Look, without our stories, without the true nature and reality of who we are as People of Color, nothing about fanboy or fangirl culture would make sense. What I mean by that is: if it wasn’t for race, X-Men doesn’t make sense. If it wasn’t for the history of breeding human beings in the New World through chattel slavery, Dune doesn’t make sense. If it wasn’t for the history of colonialism and imperialism, Star Wars doesn’t make sense. If it wasn’t for the extermination of so many Indigenous First Nations, most of what we call science fiction’s contact stories doesn’t make sense. Without us as the secret sauce, none of this works, and it is about time that we understood that we are the Force that holds the Star Wars universe together. We’re the Prime Directive that makes Star Trek possible, yeah. In the Green Lantern Corps, we are the oath. We are all of these things—erased, and yet without us—we are essential.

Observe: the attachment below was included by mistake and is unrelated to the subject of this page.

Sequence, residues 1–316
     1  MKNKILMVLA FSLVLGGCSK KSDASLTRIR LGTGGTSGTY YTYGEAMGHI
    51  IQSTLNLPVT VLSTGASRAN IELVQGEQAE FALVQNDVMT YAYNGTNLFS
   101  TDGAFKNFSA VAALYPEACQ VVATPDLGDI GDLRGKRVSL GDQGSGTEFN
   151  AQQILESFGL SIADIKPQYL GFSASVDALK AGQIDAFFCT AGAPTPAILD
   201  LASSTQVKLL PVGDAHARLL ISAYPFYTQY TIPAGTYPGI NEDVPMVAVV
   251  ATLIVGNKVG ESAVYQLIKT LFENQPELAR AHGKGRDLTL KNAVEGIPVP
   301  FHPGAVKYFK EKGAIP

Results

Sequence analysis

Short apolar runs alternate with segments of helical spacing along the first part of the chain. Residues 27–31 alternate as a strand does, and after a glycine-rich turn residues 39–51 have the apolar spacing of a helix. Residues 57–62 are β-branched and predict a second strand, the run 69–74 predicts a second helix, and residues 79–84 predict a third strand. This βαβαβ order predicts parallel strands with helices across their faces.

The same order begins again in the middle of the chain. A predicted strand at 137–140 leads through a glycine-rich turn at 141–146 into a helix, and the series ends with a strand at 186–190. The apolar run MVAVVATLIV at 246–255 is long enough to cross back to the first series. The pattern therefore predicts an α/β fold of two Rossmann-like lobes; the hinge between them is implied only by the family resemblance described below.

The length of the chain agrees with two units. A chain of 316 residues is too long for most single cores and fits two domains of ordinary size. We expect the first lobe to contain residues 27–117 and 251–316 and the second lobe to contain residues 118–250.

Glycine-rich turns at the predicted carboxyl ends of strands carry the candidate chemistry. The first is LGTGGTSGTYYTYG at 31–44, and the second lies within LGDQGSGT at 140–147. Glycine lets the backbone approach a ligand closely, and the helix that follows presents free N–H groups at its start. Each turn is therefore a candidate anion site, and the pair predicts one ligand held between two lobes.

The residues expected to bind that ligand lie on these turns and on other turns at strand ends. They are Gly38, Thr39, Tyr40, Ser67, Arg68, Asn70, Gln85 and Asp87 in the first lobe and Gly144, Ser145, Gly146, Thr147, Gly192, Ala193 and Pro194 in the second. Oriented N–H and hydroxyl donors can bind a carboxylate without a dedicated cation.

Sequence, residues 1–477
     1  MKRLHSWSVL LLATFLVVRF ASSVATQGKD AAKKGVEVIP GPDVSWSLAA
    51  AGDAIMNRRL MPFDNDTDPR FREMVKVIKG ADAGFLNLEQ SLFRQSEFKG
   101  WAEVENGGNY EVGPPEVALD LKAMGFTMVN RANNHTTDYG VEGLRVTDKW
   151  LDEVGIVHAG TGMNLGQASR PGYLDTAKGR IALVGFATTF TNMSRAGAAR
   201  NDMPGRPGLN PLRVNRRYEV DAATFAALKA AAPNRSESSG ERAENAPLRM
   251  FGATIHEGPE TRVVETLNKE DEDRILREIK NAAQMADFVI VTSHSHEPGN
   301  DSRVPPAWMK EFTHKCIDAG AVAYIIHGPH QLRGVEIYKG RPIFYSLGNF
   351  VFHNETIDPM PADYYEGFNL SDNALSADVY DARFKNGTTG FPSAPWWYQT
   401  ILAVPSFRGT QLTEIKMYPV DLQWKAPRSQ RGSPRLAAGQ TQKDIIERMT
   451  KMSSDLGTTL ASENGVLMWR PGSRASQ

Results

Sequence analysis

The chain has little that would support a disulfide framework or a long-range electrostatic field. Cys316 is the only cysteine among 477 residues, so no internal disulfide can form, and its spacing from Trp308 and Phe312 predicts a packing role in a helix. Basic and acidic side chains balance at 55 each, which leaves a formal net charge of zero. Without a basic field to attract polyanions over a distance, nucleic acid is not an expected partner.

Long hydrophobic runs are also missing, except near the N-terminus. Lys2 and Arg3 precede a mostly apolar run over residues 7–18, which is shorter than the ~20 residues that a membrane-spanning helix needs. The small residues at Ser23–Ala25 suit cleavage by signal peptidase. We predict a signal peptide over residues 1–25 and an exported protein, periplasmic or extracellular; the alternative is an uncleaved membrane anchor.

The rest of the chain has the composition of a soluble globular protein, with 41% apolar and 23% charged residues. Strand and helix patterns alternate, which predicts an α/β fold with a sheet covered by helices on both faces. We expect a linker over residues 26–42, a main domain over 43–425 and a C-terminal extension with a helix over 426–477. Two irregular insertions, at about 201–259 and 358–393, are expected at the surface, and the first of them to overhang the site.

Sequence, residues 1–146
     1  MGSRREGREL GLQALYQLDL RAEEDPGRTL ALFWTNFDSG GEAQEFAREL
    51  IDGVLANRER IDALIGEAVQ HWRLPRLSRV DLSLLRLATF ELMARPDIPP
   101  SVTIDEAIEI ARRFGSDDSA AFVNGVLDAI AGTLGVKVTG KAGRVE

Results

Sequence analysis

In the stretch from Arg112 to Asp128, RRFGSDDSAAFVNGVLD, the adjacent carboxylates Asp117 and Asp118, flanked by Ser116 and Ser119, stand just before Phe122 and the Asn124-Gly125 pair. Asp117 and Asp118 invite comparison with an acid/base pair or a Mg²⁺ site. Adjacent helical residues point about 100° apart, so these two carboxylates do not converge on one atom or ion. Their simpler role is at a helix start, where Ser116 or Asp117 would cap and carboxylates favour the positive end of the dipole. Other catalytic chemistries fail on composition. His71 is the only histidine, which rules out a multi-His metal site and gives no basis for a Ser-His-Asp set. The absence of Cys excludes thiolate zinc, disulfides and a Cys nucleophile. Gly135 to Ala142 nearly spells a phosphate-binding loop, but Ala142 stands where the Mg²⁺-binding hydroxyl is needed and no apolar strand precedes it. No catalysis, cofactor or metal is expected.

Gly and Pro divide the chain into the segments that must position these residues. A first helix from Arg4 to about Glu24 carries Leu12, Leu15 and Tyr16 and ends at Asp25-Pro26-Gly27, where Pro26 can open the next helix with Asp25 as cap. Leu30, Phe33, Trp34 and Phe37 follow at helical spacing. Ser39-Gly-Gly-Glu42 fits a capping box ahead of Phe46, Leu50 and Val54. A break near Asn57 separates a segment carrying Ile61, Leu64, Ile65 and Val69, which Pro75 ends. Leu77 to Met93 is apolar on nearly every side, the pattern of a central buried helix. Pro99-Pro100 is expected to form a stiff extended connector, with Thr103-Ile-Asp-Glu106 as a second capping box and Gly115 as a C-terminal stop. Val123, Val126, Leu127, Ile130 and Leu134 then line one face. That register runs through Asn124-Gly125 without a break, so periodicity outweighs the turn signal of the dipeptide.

Junot Díaz, “The Junot Díaz Episode" (18 November 2013) on Fan Bros, a podcast “for geek culture via people of colors” (via kynodontas)
Let em know dad.
I think the next time someone gets confused as to possibly why people were hoping Katniss would be portrayed as nonwhite, this quote above is why.
Kickboxing did not kill me! I made it all the way through without any breaks! Huzzah!
I’m FINALLY going back to kickboxing tonight after being out sick. I’m a little scared my lungs are not going to cooperate.
My head feels about 10 pounds lighter after getting my hair cut. The floor looked like a Tribble crime scene when the lady was done - there was just hair everywhere. It had been 3 months since it had been cut (I had been going every 4-6 weeks before) and she had to thin it out a ton.
I am constantly torn between wanting to improve myself and wanting to destroy myself.